Judgement had entered Ryôta's heart, seeping through society, but the storm has cleansed him, and as a result, his love for his father, his faith in himself and his hope for his son have all sprouted anew. It will matter less to him now if his ex-wife takes him back: because the storm has made him again innocent in a way, or rather now, he can choose to be innocent. Ryôta can finally be free.

Mukti Bhawan


(This was first published in Cha: An Asian Literary Journal in its March 2017 issue. It is reproduced here in full, but footnotes have been stripped off.)

Many articles, documentaries and news reports have covered Varanasi as the chosen place to die for Hindus. Some of these have also chosen to focus on individual stories and the guesthouses where the dying come to wait for death in this city which may guarantee them liberation from the cycle of rebirths. Shubhashish Bhutiani's film Mukti Bhawan (international title: Hotel Salvation), the young Indian director's first feature-length film, adds a work of fiction to this growing field of inquiry. The film, however, doesn't add much to the subject of Varanasi and its guesthouses: in this respect, it merely enlarges upon Al Jazeera's 2011 made-for-TV documentary "Salvation House" (aired as part of Witness). Mukti Bhawan instead treats Varanasi, and the age-old struggle of man's preparation for death, as mere backdrops, focussing instead on the relationship between a father who has not entirely accepted his forthcoming death and hence needs Varanasi, and his son who navigates the inhibitions of filial piety and the restrictions of the milieu in which he was raised.

As the film progresses, the father becomes more amenable to the idea of death. Likewise, the son—who initially resents his father's easily bought liberation while he (the son) remains ensconced not only in the epic cycle of births and deaths, but also the grinding middle-class struggles of this life—also later finds peace. As the father attains liberation, the son is also brought to his own, coming to terms with his unspoken grudges, his repressed aspirations and his present. In this respect, on the back of a brilliant chemistry between the father-son duo of Lalit Behl and Adil Hussain, Mukti Bhawan is a lovely little movie, and adds another feather to the cap of the current crop of independent Indian cinema. However, it could have been more thought-provoking and touching if it had enlarged on the backdrop of Varanasi itself and sought to understand how one merges into many, and many into one, in the unique land that is India.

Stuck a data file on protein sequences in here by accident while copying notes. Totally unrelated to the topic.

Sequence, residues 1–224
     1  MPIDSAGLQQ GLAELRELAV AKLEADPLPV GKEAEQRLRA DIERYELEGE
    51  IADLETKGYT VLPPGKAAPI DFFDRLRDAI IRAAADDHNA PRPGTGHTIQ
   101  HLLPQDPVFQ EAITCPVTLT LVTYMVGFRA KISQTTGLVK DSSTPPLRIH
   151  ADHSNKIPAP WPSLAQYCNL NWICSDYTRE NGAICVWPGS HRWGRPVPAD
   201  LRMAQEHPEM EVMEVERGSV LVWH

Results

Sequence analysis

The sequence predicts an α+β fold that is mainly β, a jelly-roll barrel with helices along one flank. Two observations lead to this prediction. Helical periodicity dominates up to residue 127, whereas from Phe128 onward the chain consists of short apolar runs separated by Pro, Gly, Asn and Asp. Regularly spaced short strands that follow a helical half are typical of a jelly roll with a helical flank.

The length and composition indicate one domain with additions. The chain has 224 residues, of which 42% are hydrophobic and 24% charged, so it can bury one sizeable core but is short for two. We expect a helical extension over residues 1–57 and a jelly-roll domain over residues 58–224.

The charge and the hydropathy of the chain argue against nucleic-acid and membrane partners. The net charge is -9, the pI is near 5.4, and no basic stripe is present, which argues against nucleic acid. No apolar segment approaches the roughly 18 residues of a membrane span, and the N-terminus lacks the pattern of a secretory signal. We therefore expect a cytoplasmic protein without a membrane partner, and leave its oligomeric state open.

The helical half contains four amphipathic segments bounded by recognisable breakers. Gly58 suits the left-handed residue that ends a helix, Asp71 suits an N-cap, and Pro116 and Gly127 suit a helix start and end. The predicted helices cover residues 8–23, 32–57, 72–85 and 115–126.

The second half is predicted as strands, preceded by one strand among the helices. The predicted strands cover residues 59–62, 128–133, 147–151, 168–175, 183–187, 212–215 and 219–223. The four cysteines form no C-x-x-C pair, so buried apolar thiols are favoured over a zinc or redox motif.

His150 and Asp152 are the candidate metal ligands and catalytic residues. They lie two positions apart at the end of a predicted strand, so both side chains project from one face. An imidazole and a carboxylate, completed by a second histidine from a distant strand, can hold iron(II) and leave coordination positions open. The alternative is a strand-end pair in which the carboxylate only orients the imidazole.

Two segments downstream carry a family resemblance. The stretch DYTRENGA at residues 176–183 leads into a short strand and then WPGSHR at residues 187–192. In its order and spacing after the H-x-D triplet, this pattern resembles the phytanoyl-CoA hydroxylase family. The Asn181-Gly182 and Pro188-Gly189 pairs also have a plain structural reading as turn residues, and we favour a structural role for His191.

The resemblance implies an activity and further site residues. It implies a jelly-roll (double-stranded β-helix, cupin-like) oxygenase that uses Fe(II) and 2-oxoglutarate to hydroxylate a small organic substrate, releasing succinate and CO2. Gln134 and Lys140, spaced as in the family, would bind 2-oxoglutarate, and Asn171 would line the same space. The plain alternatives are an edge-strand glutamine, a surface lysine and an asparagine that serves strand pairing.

This thought reminds me of another TV show, specifically the first episode of the famous series Bharat Ek Khoj (The Discovery of India). This 53-part series—which was written and directed by Shyam Benegal and aired in 1988—is based on Jawaharlal Nehru's book of the same name and covers a 5000-year-period of Indian history and culture, finishing with independence in 1947. Toward the end of its first episode, there is a clever montage of close-ups of men, women and children, reflecting the stunning diversity of Indian faces and undermining the homogenisation of Indian history and opinion. These close-ups are interspersed with medium shots of small groups of people: women in a field, almost-naked boys jumping into a river for a joyful bath, scenes from a bazaar, boys playing marbles. The montage finishes with a shot of a huge crowd—one of diverse faces and occupations, ethnicities and religions, viewpoints and histories—but whose members are all moving on a busy square, as if one. (Such a scene is common on many of India's streets.) Bharat Ek Khoj beautifully illustrates how multiple histories have shaped, and continue to shape, India, by showing the country not as an abstract idea, but as a nation composed of every single Indian. Diversity, with abounding fertility, lies at the heart of India's uniqueness and has allowed it to remain a strong nation and a weak state, in spite of sporadic (and continuing) efforts to the contrary. The unity of India thus does not come from a common language, or common rituals, or a common history or political system; instead, it comes from partaking. It comes from shared, and acknowledged, histories; from shared, and swapped, philosophies; from having to communicate (all the more effectively) through the eyes, thanks to a lack of a common tongue. The scope for violence is automatically reduced because my word cannot be the word.

Returning to Mukti Bhawan—in focussing very narrowly on the father-son relationship, Bhutiani borrows heavily from Western idioms of filmmaking and forgets the organic whole from which these characters sprout: while the film is a good study of father-son relations, the context goes missing. A Hollywood film (at least one set in the West) which mostly placing its characters at the centre of the earth wouldn't go amiss for treating its subjects in this manner, as detachment and individualism reign in the West. However, India is not like this: it is the land of dharma ("righteous duty," as in a tiger's dharma is to hunt for prey) where a person lives with several dharmas, which are not always easy to reconcile. A man is not merely a son: he is also a father, a husband, a neighbour, an employee, a tourist, a stranger, a human, and all these roles come with different dharmas, which themselves also vary at different times. Bhutiani's film shows Adil Hussain's character, the son, to be in all these roles, yet fails to interconnect them, as Varanasi—or Kashi (the "City of Light," which is the ancient name for Varanasi and still preferred in the spiritual context)—is missing in his film. A clue lies in the film's very name: while in Hindi, Mukti Bhawan simply means "Liberation House," the international title is Salvation Hotel, which is a mistranslation on several counts. Hindus do not have the concept of salvation (and it is a gross simplification to translate "moksha," of which mukti is a variation, as "salvation"); liberation actually occurs a step prior to moksha in the cycle and a place which does not charge for accommodation can hardly be called a "hotel."